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Scott, there may have been a zillion iterations of this subject posted, but after multiple searches, was unable to find one specifically for the Winnebago fiberglas roof. Lots of them for rubber roofs, but not for Winnie fiberglass, this my post. Waxing the roof will protect the fiberglass, but has almost no reflective properties. I read testimonial after testimonial of users of the product and the dramatic difference it made in heat reduction. 90% reflectance makes a huge difference in the temperature of the surface. I don't know if you've ever tried to walk barefoot on a desert sand dune in summer on a sunny day, but I can tell you it will burn the soles of your feet. My last duty station in the Air Force was by White Sands N.M in New Mexico, and I was amazed that you could walk barefoot on that white sand (which is actually gypsum) on the hottest summer day with no discomfort whatsoever. It's all about solar reflectance.
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Old 03-10-2020, 12:27 AM   #12
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Bob, Thanks for your reply. I know that the marine deck paints, like the Restoleum and others, are very effective at protecting the fiberglass, but my main purpose is solar heat reflectance, which is not a characteristic of the marine deck paints. The elastomerics are almost blindingly reflective, which is what makes them work. Coating the fiberglass with a thick opaque layer of rubberized paint will certainly protect the fiberglass from nature's elements at least as well as marine deck paint. The deck paint is made to be walked on all the time, as opposed to the roof coating which can be walked on but is not designed to withstand daily foot traffic. Different products for different purposes.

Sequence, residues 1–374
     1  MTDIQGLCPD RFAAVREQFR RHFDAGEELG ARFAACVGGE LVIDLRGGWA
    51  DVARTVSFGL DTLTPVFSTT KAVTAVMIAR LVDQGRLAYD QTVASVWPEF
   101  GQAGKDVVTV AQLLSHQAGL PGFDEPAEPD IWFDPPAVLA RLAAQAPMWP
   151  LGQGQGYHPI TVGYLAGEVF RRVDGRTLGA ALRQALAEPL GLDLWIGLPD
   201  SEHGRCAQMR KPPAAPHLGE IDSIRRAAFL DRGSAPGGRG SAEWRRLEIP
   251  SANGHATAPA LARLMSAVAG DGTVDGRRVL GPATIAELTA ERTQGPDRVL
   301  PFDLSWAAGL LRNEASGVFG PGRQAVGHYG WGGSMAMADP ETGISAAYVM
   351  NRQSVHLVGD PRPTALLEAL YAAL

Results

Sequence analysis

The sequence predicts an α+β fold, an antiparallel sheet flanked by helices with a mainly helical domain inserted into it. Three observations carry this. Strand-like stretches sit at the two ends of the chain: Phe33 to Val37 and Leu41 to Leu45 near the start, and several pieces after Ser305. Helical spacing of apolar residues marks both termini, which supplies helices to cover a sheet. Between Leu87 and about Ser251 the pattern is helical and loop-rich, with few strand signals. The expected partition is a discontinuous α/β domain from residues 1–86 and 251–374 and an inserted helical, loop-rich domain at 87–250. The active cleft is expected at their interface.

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Old 03-10-2020, 12:38 AM   #13
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Topsail, Continued maintenance is an issue with any roof, not matter what the material. I think covering it with an elastomeric coating that is a once-in-a-lifetime application will be much less maintenance intensive than periodic washing, waxing, polishing, etc., etc., ad infinitum, ad nauseum.
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Old 03-10-2020, 03:03 AM   #14
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Originally Posted by moabdds View Post
Deuce, thanks for your reply. I needed to hear from someone with actual experience rather than opinions with no experience on why it was a bad idea. My reason for asking was that when I called the Henry Co., the manufacturer of the Tropi-Cool coating, they said I needed to buy a can of the coating and do a small 4"x4" test patch on the roof. At $60 per a .9 gallon can, that would be an expensive test if it didn't work, and using that tiny amount of paint would make the can unreturnable to Home Depot. I knew there had to be someone out there that had used it on a Winnebago fiberglas roof. I read a number of testimonials for it on rubber roofs, but that does not apply to me. Now I know that it will adhere specifically to the Winnebago gel-coated fiberglas roof, thanks to your experience.

My main reason for wanting to apply the coating is for the solar reflectance and heat reduction inside the coach. I have read several testimonials of other people who had applied the coating and had a dramatic reduction in the heat under the coated roof. I also live in the desert Southwest in Moab, Utah, at an elevation of 4000'. In the summer, we usually have three months of 100+ temps almost every day and usually no clouds. Protecting the fiberglas roof would be a side benefit of the coating and would be much more effective than a coat of wax. The Tropi-Cool elastomeric coating has a lifetime warranty and should easily outlast my motorhome, (and probably me as well), so which is less maintenance, the elastomeric coating applied once, or periodically re-waxing the roof how many times over a 10-15 year period?